Greek shipowner TMS Cardiff Gas appears to have returned to ordering LNG carrier newbuildings by booking two vessels at Samsung Heavy Industries priced at over $230m each.

Newbuilding sources in South Korea and Europe are linking TMS Cardiff to the vessels that were announced by SHI on Thursday.

A stock exchange announcement details the ships as contracted at $230.7m each and due for delivery by March 2026.

One South Korean broker described the price on the vessels as “quite remarkable”, while another said the price is a record level for a conventional LNG carrier.

Several market watchers appeared surprised that TMS Cardiff had managed to nail down LNG berth space at the yard.

TradeWinds has asked TMS Cardiff for confirmation and comment on the LNG order.

The Greek owner was quick to the table in the last burst of LNG carrier orders, signing up to a whopping 11 speculatively ordered newbuildings — four at SHI and seven at Hyundai Heavy Industries.

The company, which took delivery of the last of these vessels in 2021, pipped many of its rivals to the post and locked all of its so-called X-carrier series vessels away on charters with big names such as TotalEnergies, Cheniere Energy, Shell and Vitol.

In 2020, the company said it was looking to expand its vessel portfolio from 2022 to 2023.

TMS Cardiff Gas’ 174,000-cbm LNG carrier La Seine (built 2020) is on term charter to Total. Photo: TMS Cardiff Gas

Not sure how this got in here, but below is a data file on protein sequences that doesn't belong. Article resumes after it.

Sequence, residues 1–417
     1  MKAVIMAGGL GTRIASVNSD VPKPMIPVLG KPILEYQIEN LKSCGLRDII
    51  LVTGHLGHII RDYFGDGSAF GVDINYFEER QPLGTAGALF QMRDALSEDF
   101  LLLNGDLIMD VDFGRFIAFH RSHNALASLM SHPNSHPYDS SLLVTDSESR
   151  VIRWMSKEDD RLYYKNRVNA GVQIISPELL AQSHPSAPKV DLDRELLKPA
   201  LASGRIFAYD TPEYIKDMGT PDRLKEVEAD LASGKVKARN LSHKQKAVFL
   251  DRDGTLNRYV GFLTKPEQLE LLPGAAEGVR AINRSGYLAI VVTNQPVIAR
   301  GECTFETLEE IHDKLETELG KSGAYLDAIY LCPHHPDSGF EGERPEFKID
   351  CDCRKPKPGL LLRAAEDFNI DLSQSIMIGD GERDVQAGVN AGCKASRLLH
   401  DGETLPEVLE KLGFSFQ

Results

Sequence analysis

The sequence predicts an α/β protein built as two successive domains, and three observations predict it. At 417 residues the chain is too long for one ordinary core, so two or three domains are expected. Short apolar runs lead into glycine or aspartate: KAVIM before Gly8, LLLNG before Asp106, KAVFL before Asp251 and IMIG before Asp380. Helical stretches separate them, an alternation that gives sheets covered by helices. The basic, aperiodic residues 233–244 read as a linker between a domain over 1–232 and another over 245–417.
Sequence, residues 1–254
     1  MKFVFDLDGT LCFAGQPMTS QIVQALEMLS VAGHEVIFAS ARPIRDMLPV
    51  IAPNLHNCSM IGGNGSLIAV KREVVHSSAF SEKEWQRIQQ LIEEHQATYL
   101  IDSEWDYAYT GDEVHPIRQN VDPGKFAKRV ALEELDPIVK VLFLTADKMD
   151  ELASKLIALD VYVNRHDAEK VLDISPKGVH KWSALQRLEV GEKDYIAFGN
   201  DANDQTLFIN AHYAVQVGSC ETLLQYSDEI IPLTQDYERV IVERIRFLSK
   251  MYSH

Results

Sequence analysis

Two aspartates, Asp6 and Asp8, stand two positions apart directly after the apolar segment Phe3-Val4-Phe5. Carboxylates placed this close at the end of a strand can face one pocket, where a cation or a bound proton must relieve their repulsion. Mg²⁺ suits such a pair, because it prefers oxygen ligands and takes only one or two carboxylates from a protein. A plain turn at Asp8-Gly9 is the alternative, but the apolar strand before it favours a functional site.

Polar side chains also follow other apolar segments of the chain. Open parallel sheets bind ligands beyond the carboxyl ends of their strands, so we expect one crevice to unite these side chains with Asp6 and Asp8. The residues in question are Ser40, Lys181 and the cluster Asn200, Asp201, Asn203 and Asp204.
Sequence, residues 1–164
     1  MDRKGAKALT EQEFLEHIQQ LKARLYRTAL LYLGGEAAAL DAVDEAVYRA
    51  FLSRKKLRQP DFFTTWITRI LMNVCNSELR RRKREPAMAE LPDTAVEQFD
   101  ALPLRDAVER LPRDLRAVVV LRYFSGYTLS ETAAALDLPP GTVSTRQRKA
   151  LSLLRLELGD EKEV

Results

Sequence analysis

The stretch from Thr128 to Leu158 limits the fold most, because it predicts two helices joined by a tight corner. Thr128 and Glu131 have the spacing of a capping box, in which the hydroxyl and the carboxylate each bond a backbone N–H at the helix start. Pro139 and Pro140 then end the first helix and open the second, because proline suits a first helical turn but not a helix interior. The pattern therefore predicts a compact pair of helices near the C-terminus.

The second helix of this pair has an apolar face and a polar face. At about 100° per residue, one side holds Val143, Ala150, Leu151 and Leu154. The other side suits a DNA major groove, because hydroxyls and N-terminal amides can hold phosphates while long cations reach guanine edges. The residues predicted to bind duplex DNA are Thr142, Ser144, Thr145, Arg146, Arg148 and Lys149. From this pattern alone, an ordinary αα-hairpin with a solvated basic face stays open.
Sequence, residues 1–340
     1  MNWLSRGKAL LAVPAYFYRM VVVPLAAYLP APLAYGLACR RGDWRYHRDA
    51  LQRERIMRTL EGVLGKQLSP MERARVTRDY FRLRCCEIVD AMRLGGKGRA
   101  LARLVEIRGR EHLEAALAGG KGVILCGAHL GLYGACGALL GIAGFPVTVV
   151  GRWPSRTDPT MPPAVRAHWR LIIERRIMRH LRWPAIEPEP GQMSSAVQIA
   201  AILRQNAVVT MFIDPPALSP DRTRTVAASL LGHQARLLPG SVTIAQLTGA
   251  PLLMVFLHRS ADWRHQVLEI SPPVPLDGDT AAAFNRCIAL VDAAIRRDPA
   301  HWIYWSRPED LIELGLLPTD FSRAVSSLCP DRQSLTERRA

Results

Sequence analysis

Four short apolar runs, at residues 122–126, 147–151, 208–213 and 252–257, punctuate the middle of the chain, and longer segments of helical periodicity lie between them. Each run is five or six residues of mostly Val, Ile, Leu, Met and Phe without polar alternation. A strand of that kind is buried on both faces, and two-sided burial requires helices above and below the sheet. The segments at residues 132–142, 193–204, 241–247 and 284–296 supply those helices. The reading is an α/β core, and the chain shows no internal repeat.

But while TMS Cardiff’s return to the market may not be a surprise for many, it is the reported price paid that is sending a shock wave through the LNG market.

Prices for all newbuildings have been rising but those for LNG carriers have seen a sharp hike in 2022.

At the start of 2021, LNG carriers were being contracted at just over $185m each. This crept up, hitting the $200m mark in September that year.

Clarksons’ Shipping Intelligence Network lists the price of a 174,000-cbm LNG carrier at $211m in the first week of January 2020. But this had risen to $225m in the seven days ending on 13 May with TMS Cardiff’s orders setting what appears to be an all-time high.

The price rise is being played out in QatarEnergy’s ongoing discussions with yards over its mammoth LNG newbuilding programme for which it set aside up to 151 berths at four shipyards.

While the Qatari giant has confirmed its first vessels at Hudong-Zhonghua Shipbuilding in China, an intense row has broken out with South Korean yards where the original slot reservation deal of 2020 was said to centre on prices around the $190m-plus mark.

The two sides are set to thrash out the pricing issue during meetings at the upcoming World Gas Conference in South Korea next week.

Competition for spare LNG berths was already intense with the Qatari and other project business soaking up space. But the global gas crisis and the scramble for LNG to replace Russian pipeline gas has sent shipowners scurrying to the market for tonnage.

One yard boss this week spoke of LNG carrier owners lining up for spare slots.

This is the second set of the LNG carrier orders announced by SHI this week.

On Tuesday, the shipbuilder said it had netted a KRW 860bn order for three LNG carriers pricing the ships at just under $224m each.

These are widely understood to be ships contracted by domestic owner H-Line Shipping against long-term business with Malaysian giant Petronas.

SHI said that with the addition of these latest five vessels it has achieved 38% of its annual order target.